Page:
(WASHINGTON) — It’s been a radical day for Sen. Harry Reid. So “radical,” in fact, that the Senate majority leader used the word 21 times in a floor speech Thursday morning, to criticize the billionaire conservative donors Charles and David Koch.
Reid has blasted the brothers of late for funding ads that attack Democratic candidates. Last month, Reid called the brothers “un-American.”
Profiled by The New Yorker’s Jane Mayer in 2010, the billionaire oil magnates have funded attack ads and political organizing against Democratic candidates through the group Americans for Prosperity, a 501c4 group that does not disclose many of its donors or activities. Thanks in part to Democrats’ efforts to criticize them, they’ve become icons of secretive campaign money — although, given that 501c4 money is indeed secretive, no one really knows how much the Kochs, or other top donors on either side of the aisle, actually funnel toward attacks each election cycle.
Campaign finance, and secret donations in general, are under a political microscope this year as the IRS considers a new rule that would define political activity and potentially force 501c4 groups, which do not disclose their donors or how much they spend on “issue” ads, to eventually reclassify themselves and begin reporting their activities to the Federal Election Commission.
Democrats have argued for donor disclosures, while Republicans have argued that donations, as a form of speech, should be allowed to remain anonymous in many cases, citing the IRS’s targeting of tea-party groups as a harbinger of government suppression of conservative views.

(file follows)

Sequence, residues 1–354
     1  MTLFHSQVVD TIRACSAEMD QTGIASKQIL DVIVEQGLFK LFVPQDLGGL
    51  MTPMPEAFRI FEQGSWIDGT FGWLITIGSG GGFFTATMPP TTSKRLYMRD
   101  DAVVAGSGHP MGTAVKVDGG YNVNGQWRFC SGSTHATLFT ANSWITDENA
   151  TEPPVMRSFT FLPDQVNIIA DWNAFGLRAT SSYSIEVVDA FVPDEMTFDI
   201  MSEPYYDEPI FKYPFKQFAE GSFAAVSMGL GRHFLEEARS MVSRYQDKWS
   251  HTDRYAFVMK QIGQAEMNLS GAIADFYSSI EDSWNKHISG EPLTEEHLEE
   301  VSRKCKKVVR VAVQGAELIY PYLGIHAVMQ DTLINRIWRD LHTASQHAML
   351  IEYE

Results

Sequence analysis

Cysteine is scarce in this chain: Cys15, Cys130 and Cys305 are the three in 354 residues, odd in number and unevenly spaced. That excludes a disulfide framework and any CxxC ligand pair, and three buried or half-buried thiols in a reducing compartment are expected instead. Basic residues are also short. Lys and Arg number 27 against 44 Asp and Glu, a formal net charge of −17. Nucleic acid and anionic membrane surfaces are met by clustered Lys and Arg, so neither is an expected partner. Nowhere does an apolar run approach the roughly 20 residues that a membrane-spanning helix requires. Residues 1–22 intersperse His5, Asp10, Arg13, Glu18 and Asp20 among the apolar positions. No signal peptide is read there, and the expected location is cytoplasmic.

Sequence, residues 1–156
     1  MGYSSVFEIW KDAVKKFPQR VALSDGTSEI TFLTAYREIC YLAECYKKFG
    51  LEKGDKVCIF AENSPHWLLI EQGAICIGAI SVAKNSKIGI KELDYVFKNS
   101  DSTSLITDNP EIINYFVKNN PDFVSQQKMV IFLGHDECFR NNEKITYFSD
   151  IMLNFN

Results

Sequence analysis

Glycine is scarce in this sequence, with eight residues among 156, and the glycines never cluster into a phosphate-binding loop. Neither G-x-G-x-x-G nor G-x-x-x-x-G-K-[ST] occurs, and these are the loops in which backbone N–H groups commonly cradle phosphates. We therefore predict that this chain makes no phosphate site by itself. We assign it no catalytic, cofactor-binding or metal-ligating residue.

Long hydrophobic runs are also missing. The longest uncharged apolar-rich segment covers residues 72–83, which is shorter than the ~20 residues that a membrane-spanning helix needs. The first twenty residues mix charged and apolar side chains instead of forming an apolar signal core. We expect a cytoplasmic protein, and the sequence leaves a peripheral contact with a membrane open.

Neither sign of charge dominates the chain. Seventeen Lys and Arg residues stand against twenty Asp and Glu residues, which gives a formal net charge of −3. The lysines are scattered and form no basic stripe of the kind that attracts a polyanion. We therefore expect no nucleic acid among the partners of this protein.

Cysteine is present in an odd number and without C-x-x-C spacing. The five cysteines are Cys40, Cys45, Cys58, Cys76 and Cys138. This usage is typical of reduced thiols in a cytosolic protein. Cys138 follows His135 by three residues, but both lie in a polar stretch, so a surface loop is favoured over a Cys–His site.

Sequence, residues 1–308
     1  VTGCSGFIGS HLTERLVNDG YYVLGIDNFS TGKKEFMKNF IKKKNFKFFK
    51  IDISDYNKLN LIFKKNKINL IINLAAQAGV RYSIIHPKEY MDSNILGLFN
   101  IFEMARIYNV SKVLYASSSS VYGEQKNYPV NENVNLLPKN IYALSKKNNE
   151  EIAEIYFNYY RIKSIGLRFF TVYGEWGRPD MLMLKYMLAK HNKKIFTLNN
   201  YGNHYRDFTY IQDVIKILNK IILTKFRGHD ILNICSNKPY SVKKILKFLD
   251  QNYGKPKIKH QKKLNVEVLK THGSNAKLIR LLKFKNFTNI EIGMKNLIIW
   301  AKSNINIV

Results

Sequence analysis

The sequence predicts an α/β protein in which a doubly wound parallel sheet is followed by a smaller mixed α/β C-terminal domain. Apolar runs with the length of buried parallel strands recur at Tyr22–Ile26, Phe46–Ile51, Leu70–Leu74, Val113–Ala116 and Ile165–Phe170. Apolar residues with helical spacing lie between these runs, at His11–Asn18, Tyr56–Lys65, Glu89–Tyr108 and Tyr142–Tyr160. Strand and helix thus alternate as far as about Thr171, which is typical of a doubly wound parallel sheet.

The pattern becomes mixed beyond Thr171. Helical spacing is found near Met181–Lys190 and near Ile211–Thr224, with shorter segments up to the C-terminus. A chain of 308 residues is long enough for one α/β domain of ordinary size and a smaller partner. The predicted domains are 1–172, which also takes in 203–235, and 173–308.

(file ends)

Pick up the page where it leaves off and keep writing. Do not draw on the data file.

Reid and other Democrats have sought to make the Kochs poster children for “shadowy” campaign money. Republicans have protested that it’s inappropriate for Reid and others to single out individual citizens and criticize them for their political views, calling the attacks by Reid and others suppressive and intimidating.
Reid’s prepared floor speech only included 12 uses of “radical,” but he nearly doubled that count, apparently on the fly.
“When Senate Republicans defend the Koch brothers, they are also defending the Koch brothers’ radical philosophy,” Reid said, going on to ask whether Republicans would defend the “radical” agenda to roll back environmental regulations, repeal Democratic health reforms, and alter Social Security and Medicare, repeating his question as a refrain throughout the speech.
“Those were Charles Koch’s own words, radical philosophy, by the way,” Reid said, referencing Charles Koch’s insistence, to Reason’s Brian Doherty, that libertarianism must be a “radical” movement.
“Because we have a radical philosophy, we don’t appeal to people who are in positions of influence, people with status or wealth,” Koch told Doherty for his 2008 book Radicals for Capitalism: A Freewheeling History of the Modern Libertarian Movement.
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